Roy Ascott: “We Should Lead From The Heart”


Photo: Florian Voggeneder

Visionary pioneers laid the cornerstone of contemporary media art and thereby made a decisive impact on the work of many media artists throughout the world. To give these trailblazers and their accomplishments the respectful recognition they deserve, the Prix Ars Electronica launched a Visionary Pioneers of Media Art category in 2014. The debut honoree, Roy Ascott, was selected by a jury of his peers—all those who have themselves been the recipient of a Golden Nica since the Prix Ars Electronica‘s inception in 1987. We met with Roy Ascott shortly before the prize was bestowed upon him at the Ars Electronica Gala in Linz’s Brucknerhaus.

Roy Ascott, born October 26, 1934 in Bath, is an artist, theoretician and visionary thinker who’s been active since the 1960s, and whose numerous publications and works have exerted a major influence on the global digital art community. He has exhibited his works at such venues as the Venice Biennale, the Shanghai Biennale, the Milan Triennale, the Ars Electronica Festival, the Plymouth Arts Centre and the Incheon International Arts Festival in South Korea. In the early 1980s and thus even before the birth of the internet, Ascott presented one of the world’s first online art projects on the ARPANET for universities. In 1989, Roy Ascott appeared at the Ars Electronica Festival, where he presented an installation entitled “Aspects of Gaia.” In 1990, he served as a Prix juror in the Interactive Art category which premiered that year.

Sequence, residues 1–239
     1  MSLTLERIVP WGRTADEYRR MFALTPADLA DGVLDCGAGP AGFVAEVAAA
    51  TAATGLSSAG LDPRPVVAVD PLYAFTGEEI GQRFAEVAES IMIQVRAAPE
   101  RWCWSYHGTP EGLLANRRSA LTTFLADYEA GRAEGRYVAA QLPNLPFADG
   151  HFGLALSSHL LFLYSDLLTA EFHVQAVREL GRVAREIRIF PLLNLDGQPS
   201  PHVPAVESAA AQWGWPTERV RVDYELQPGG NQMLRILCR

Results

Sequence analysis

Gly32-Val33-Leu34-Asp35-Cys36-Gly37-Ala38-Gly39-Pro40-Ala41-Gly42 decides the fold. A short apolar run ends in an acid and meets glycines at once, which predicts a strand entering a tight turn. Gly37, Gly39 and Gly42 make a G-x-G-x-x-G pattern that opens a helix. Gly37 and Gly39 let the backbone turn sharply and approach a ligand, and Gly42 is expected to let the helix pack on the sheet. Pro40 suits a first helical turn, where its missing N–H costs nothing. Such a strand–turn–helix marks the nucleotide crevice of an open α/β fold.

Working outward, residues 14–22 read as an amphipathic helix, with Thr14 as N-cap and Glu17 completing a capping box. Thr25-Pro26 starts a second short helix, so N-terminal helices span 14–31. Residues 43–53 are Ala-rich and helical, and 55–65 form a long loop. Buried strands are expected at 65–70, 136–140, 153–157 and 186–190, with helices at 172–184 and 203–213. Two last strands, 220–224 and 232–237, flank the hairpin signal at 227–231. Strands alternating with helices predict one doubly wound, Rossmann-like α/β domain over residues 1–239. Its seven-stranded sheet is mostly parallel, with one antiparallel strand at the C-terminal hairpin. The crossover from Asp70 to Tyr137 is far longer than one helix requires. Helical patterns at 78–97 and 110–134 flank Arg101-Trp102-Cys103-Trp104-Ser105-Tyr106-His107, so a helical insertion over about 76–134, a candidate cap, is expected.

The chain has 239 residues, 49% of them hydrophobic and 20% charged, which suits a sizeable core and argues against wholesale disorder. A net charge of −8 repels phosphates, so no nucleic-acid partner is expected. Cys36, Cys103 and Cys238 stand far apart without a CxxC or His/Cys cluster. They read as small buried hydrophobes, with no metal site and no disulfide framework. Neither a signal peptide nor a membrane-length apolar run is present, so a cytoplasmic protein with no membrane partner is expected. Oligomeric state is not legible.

Mr. Ascott, let’s say you have the opportunity to write an encyclopedia entry about you as a Visionary Pioneer of Media Art, what would you write?